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Global Integration
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Global Organizations

These questions also highlight the issues of competing in an international marketplace. When companies ex­tend beyond their national borders, they are faced with new challenges. Their financial systems must adapt to multiple currencies, taxing mechanisms, inflation rates, and accounting policies. Their manufacturing system and strategy must consider country-to-country cost variations, host country trade policies and restrictions, and quality concerns. Their distribution system must cope with import and export regulations, international gateways, and customs. Their infrastructure must be configured to variations in power supply, communica­tions access, and possibly older and obsolete hardware. Their organizations must be structured to accommo­date a diverse world of languages, cultures, and busi­ness practices.

Another issue is the type of international competi­tion. Some industries may vary widely from country to country in terms of industry and economic conditions, buyer expectations and preferences, and end-market culture, style, and distribution patterns. Firms that use a multi-country strategy may choose to operate subsid­iary operations in each country, with the activities of such operations tailored to the host country conditions.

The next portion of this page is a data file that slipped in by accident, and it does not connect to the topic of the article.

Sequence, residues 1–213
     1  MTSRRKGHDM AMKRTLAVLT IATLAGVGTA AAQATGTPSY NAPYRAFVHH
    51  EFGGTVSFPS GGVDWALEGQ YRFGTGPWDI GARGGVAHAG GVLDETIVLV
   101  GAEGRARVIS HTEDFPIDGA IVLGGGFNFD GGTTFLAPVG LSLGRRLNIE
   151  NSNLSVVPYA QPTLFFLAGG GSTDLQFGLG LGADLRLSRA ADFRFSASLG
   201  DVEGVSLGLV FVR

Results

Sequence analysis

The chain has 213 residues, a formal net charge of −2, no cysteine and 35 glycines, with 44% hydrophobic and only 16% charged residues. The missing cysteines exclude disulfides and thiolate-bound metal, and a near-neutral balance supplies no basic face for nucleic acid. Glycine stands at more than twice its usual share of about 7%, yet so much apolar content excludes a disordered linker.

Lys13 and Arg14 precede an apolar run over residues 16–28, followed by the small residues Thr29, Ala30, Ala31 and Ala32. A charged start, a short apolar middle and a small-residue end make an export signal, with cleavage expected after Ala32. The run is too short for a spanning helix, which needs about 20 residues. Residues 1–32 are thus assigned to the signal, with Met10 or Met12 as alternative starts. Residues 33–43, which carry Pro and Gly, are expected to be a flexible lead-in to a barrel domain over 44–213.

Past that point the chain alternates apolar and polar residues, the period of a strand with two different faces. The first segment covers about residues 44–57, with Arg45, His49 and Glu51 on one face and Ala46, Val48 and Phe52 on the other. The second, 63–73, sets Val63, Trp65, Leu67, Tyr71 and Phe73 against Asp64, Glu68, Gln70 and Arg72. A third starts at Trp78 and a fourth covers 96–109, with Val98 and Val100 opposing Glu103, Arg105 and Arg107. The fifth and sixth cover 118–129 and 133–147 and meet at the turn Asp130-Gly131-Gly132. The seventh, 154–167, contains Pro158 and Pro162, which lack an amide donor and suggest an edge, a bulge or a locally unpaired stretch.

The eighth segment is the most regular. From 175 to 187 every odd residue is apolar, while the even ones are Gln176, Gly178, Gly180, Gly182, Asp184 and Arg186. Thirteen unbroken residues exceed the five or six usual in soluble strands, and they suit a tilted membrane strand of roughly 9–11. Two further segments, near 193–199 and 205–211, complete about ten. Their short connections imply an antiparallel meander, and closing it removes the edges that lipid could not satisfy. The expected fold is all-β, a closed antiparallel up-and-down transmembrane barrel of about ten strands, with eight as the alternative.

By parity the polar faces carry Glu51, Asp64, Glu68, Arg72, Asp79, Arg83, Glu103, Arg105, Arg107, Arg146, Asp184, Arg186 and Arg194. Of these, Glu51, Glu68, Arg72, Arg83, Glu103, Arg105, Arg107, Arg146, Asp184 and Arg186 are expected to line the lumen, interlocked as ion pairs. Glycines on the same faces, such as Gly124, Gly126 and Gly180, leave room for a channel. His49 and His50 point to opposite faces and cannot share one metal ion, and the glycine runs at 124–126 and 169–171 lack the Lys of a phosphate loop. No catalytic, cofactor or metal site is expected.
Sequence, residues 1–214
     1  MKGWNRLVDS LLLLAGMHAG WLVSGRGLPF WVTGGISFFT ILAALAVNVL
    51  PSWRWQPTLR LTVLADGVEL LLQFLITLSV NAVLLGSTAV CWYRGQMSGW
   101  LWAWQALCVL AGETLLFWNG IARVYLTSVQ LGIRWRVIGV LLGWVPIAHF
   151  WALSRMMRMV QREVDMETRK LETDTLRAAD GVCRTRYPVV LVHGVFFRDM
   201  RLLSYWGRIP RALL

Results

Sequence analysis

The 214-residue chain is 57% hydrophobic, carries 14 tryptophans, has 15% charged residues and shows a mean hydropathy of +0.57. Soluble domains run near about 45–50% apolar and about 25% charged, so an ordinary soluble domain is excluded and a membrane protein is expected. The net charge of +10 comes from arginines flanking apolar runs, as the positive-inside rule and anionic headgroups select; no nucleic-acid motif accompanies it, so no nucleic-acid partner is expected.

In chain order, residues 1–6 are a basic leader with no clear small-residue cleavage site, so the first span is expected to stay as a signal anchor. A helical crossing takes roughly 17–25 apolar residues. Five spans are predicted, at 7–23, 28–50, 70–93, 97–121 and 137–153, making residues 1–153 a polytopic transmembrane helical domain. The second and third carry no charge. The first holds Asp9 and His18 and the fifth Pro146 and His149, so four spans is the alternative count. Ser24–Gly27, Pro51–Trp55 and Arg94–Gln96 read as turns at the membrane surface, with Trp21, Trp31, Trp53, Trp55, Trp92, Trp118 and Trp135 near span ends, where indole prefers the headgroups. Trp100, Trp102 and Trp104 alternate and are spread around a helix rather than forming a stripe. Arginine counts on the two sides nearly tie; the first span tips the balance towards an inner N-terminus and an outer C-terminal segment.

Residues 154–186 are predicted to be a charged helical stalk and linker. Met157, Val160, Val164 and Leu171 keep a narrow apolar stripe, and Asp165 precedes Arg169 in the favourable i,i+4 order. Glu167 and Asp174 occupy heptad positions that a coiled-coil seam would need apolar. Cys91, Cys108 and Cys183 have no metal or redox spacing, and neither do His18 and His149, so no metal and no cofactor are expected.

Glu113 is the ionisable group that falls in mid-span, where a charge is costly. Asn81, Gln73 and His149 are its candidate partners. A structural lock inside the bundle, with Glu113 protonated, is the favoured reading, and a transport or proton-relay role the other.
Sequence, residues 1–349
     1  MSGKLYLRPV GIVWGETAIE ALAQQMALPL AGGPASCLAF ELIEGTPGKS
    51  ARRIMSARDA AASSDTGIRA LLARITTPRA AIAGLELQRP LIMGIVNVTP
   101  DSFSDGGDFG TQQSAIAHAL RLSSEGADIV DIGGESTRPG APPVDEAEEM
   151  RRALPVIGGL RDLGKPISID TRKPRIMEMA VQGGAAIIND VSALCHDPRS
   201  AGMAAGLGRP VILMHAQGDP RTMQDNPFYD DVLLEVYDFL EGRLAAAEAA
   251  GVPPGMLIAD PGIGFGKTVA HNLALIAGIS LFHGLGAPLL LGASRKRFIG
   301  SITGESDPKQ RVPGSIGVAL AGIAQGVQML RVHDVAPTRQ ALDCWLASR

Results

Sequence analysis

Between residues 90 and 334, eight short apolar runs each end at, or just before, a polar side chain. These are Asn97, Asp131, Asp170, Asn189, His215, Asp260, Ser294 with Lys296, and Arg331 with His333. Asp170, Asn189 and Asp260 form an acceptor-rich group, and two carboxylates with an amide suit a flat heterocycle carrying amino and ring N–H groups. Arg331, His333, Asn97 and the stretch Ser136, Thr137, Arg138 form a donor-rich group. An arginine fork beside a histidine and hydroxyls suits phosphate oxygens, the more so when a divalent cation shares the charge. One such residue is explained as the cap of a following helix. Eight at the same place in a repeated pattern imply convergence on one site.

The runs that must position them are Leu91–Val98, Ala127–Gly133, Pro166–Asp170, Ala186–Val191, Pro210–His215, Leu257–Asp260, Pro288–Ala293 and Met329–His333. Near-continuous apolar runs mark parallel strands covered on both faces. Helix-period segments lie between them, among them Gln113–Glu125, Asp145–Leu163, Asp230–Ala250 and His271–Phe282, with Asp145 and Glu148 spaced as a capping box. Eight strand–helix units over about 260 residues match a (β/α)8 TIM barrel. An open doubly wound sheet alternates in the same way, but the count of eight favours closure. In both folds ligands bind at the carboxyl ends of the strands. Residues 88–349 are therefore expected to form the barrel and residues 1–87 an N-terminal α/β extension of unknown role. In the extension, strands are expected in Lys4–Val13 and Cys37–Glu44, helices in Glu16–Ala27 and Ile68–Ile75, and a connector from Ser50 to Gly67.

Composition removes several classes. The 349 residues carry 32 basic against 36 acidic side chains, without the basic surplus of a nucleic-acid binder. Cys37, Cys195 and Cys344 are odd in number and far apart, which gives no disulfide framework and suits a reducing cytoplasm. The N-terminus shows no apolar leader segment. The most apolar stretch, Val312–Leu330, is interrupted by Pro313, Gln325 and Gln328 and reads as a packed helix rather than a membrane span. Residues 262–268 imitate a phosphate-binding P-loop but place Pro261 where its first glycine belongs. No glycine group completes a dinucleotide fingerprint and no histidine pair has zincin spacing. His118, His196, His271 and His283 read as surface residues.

In contrast, organizations that use a global strategy seek to gain competitive advantage by deploying supply chain business units on a global basis. Plants may be located in a single low-cost country, or geographically located based on distribution patterns. Customer ser­vice centers can be located in close proximity to major customers. Global companies are well positioned to ex­ploit the "strategic fit" among their business units by encouraging the transfer of technology, resources, ca­pacity, and core competencies. Global companies can achieve greater purchasing power at the corporate level, and can provide a unified marketing, sales, and service mechanism to their customer base.

Global organizations can also benefit from the op­portunity to "internationalize management" [7]. The exposure of the firm's managers to the languages and cultures of the global world of suppliers and customers can positively affect the organization in a number of ways. In particular, a firm with an internationalized management can better understand and manage differ­ences within its own ranks, can better relate to and serve customers and suppliers from different cultures, and can create a culture of diversity and internationalism that can help to attract and retain employees, customers, and suppliers.

Clearly, we believe that globally integrated organiza­tions have significant advantages that can be leveraged to achieve "dominating depth."

To Be Continued

For balance of this article, click on the below link:

Lean Manufacturing Articles and click on Series 13


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